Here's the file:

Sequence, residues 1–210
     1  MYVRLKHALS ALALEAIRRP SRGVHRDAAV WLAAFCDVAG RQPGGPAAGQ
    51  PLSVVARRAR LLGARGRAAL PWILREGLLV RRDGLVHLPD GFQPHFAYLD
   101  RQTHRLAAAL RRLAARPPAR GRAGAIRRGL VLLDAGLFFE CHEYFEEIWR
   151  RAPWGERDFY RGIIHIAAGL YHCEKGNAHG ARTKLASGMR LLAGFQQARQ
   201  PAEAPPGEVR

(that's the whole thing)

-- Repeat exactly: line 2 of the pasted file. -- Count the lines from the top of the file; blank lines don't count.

     1  MYVRLKHALS ALALEAIRRP SRGVHRDAAV WLAAFCDVAG RQPGGPAAGQ